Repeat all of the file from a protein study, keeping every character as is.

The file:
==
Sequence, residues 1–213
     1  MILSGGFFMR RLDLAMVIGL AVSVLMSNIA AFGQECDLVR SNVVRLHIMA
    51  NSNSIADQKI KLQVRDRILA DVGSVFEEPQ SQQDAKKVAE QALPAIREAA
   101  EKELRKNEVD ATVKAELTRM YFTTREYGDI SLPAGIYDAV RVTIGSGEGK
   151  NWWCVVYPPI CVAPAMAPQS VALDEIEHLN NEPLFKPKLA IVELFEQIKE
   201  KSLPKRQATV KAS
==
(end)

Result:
Sequence, residues 1–213
     1  MILSGGFFMR RLDLAMVIGL AVSVLMSNIA AFGQECDLVR SNVVRLHIMA
    51  NSNSIADQKI KLQVRDRILA DVGSVFEEPQ SQQDAKKVAE QALPAIREAA
   101  EKELRKNEVD ATVKAELTRM YFTTREYGDI SLPAGIYDAV RVTIGSGEGK
   151  NWWCVVYPPI CVAPAMAPQS VALDEIEHLN NEPLFKPKLA IVELFEQIKE
   201  KSLPKRQATV KAS